We recently had a chat with Camille Abbott about Celebrant life –
• How did you get into being a celebrant?
Haha – it’s all my brother’s fault!
He knew that he wanted to include me in a special way during his commitment ceremony to my now sister-in-law (over 10 years ago). In his typical ‘all or nothing’ fashion, he decided that I should be the person to conduct it.
Like, run the whole ceremony!
I remember asking him during the phonecall “and how would I go about that?” and him responding “isn’t that what the internet’s for?”
So my first ceremony was an induction by fire, but as it turned out, I did pretty well. And when my favourite uncle came up to me afterwards to congratulate me, he also added ‘I think you’ve found your thing, Camille’.
I attained my qualifications shortly after that and, although it took around 18 months to get registered by the Attorney-General’s office, I was excited and nervous in equal parts to start conducting legal ceremonies as a civil celebrant from September 2008.
[ Credit to Dan Evans Photography ]
• Why do you enjoy what you do?
Oh, man – there are so many facets of being a full-time marriage celebrant that absolutely rock my world.
But I think it’s the job-specific perks really set it apart; helping gorgeous couples in love to express themselves authentically in front of their nearest and dearest on one of the most celebrated days of their lives.
Making them feel empowered and confident in doing things their own way. I love to watch them shine and their guests to respond to that with tears, cheers and knowing nods.
The high that I used to get from playing gigs as a musician, when I was much younger, just can’t compare to the experience of conducting a kick-ass ceremony.
• What are the biggest misconceptions about wedding celebrants?
Hmm, I guess one of the biggest would be the idea that my job consists of just the 20 minutes of the ceremony.
On average, I will spend 15-18 hours in meetings, answering emails/phone calls, completing legal paperwork, traveling, conducting rehearsals, writing several script drafts and other associated tasks per wedding.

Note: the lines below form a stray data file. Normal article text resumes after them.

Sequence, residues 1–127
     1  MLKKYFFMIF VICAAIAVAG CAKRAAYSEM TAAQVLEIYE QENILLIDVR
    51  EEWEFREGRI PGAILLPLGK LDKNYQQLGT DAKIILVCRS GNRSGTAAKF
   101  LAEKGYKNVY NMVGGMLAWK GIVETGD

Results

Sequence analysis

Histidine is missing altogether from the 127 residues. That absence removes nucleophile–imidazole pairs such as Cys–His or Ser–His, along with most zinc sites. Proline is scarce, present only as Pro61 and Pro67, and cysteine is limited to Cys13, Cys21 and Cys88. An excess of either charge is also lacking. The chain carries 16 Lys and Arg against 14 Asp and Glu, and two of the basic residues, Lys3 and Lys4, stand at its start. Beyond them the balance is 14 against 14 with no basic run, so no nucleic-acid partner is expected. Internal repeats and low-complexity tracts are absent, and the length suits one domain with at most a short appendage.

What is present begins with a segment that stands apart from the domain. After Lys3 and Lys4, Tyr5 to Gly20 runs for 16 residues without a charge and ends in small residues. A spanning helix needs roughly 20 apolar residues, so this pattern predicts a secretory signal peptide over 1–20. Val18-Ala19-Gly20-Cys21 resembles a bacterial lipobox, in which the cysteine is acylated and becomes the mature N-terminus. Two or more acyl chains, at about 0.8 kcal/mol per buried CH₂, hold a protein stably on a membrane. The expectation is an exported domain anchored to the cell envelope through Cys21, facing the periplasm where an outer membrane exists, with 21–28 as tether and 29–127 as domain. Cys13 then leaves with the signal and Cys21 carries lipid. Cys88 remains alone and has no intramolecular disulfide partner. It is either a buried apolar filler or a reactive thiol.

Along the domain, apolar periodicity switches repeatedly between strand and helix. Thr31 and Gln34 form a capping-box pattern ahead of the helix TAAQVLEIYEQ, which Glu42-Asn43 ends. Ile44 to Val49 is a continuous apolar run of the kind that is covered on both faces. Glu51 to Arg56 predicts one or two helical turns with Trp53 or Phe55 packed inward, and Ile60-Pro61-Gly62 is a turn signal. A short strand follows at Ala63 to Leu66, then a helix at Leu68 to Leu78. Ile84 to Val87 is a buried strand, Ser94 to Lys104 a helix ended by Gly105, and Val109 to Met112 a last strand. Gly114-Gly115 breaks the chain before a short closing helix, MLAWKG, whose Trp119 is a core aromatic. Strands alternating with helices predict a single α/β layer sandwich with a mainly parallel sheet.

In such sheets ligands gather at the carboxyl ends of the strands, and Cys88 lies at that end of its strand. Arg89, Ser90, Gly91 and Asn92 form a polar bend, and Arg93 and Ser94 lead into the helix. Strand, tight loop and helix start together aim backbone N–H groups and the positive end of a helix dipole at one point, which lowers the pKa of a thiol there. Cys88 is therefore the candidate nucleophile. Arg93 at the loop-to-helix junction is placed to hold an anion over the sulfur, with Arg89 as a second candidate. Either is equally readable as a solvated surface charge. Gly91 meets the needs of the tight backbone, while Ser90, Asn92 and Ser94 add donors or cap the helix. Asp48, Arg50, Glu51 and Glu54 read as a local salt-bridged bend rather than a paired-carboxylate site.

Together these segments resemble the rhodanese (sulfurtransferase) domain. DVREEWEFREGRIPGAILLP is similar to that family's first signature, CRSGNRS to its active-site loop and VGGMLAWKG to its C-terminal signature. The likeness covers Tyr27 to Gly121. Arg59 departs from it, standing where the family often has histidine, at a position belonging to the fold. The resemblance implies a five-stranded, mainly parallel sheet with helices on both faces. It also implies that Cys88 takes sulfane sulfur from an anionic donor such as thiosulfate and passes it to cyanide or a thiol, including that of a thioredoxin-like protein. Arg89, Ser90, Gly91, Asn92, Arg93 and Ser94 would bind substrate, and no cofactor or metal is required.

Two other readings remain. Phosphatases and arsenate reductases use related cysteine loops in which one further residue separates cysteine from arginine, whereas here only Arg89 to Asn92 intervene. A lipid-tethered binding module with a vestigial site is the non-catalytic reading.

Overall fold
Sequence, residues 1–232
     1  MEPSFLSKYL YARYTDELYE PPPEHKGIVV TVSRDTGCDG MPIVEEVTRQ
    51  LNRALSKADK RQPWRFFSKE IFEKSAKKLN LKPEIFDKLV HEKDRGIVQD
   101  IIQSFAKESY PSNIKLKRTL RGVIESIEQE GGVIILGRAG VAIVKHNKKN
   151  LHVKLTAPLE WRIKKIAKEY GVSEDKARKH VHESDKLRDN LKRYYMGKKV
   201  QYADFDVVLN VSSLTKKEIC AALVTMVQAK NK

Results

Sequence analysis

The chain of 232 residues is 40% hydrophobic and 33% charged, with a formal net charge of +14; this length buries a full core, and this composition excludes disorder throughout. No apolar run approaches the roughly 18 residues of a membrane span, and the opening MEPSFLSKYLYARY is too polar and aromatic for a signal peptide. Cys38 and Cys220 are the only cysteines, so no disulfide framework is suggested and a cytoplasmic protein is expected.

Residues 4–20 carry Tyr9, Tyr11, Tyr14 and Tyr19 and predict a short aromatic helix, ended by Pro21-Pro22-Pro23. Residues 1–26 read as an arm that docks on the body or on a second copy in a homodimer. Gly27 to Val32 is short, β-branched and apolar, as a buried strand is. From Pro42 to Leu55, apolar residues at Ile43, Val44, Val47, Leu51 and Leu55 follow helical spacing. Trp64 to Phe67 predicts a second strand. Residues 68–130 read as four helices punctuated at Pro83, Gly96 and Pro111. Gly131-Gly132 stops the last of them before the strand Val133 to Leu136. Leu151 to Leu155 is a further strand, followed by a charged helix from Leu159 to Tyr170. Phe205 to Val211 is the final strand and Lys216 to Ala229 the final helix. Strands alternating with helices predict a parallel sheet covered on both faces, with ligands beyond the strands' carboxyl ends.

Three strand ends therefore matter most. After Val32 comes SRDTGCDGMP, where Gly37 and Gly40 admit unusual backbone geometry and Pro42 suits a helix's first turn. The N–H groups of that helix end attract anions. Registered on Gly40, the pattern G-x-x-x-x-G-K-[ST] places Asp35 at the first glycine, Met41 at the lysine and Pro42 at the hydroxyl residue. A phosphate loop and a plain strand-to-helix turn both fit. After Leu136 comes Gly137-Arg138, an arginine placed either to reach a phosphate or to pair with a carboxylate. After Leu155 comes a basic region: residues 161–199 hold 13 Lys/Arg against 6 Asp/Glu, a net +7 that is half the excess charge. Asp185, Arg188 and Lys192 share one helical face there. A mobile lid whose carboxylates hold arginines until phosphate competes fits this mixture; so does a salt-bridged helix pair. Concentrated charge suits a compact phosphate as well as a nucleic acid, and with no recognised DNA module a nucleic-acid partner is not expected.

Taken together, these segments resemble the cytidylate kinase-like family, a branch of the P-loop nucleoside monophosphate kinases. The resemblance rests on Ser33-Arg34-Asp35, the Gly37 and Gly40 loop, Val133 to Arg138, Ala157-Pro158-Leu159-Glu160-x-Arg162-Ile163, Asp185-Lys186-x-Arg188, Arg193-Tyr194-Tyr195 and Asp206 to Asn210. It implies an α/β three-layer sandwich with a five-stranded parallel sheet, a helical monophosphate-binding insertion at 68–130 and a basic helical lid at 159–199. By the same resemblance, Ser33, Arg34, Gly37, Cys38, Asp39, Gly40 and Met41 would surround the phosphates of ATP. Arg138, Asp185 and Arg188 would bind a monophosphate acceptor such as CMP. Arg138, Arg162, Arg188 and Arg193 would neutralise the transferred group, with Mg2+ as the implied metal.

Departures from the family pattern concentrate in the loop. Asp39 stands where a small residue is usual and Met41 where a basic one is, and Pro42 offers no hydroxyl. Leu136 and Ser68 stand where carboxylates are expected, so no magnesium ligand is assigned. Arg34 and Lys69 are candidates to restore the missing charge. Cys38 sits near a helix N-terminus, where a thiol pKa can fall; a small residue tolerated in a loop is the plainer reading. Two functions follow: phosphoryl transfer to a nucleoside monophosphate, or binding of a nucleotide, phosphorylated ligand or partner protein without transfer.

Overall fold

The other thing that I don’t think is widely understood is that every celebrant does those tasks very differently.
Apart from the Marriage Celebrant Code of Conduct, celebrants don’t operate under any standard of business, require a minimum level of experience or service level or have to charge a set fee.
So, while you can book a celebrant for a couple of hundred dollars to ‘make it legal’, those who run fulltime businesses and offer premium services to deliver unique ceremonies for every couple and those who go the step further to coach couples through the process (understandably) charge more.
It’s like comparing apples and oranges, you know? And most couples don’t understand the difference and the huge impact of choosing the right celebrant for you can have on your wedding day.
• What book or resource should a bride or groom read before their wedding?
Unbridely (my wedding blog) – hands down!
It’s exactly why I created it with the help of my trusted colleagues and wedding industry pros; to help couples navigate their way through the wedding planning process with practical and relevant advice while experiencing less stress.
In the lead up to a wedding, what have you noticed your clients doing that ensures a great wedding experience?
You know what? You can pick them within the first 2 minutes of chatting.
They are the ones who understand that gravity will still occur on their wedding day. They know that it may be sunny, but there may also be rain.
They know that he world won’t stop for them and with that perspective, their expectations are realistic and consequently they have a much better chance of enjoying their wedding day and maybe even some of the planning process too.
I LOVE those couples!
• What trends have you noticed over the last 12 months?
There is a definite focus and an increased appreciation for smaller wedding celebrations.
Less people, but not always cheaper, as such.
I’m finding more couples are treating themselves and their guests to an exceptional experience, whether that be the very best champagne, live music, a food truck for midnight munchies or gin bar.
Micro weddings are gaining in popularity too – an abbreviated ceremony and photos sometimes followed by a separate big party with everyone else later on. Smart!
• How can people get in contact with you?
Celebrant Tracey O’Connor
Celebrant Julia Handford
Interview with Wedding Celebrant Joshua Withers
Podcast: Australian Wedding Masters Series: Celebrant Camille
Podcast: Australian Wedding Masters Series: Celebrant Julie
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